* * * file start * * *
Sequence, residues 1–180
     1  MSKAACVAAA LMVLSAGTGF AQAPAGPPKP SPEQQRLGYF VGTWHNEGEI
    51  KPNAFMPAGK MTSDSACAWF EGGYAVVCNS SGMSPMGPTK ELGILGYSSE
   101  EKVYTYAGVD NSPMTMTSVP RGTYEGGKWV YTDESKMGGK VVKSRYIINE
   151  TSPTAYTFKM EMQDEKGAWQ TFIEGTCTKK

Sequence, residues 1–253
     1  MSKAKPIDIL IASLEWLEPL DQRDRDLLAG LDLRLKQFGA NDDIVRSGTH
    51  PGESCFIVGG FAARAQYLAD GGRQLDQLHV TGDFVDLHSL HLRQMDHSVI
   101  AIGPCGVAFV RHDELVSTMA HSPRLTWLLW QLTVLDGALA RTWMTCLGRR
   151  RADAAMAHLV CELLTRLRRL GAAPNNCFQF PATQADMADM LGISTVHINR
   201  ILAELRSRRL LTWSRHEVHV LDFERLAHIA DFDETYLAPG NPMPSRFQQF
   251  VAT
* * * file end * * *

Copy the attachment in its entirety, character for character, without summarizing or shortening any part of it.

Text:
Sequence, residues 1–180
     1  MSKAACVAAA LMVLSAGTGF AQAPAGPPKP SPEQQRLGYF VGTWHNEGEI
    51  KPNAFMPAGK MTSDSACAWF EGGYAVVCNS SGMSPMGPTK ELGILGYSSE
   101  EKVYTYAGVD NSPMTMTSVP RGTYEGGKWV YTDESKMGGK VVKSRYIINE
   151  TSPTAYTFKM EMQDEKGAWQ TFIEGTCTKK

Sequence, residues 1–253
     1  MSKAKPIDIL IASLEWLEPL DQRDRDLLAG LDLRLKQFGA NDDIVRSGTH
    51  PGESCFIVGG FAARAQYLAD GGRQLDQLHV TGDFVDLHSL HLRQMDHSVI
   101  AIGPCGVAFV RHDELVSTMA HSPRLTWLLW QLTVLDGALA RTWMTCLGRR
   151  RADAAMAHLV CELLTRLRRL GAAPNNCFQF PATQADMADM LGISTVHINR
   201  ILAELRSRRL LTWSRHEVHV LDFERLAHIA DFDETYLAPG NPMPSRFQQF
   251  VAT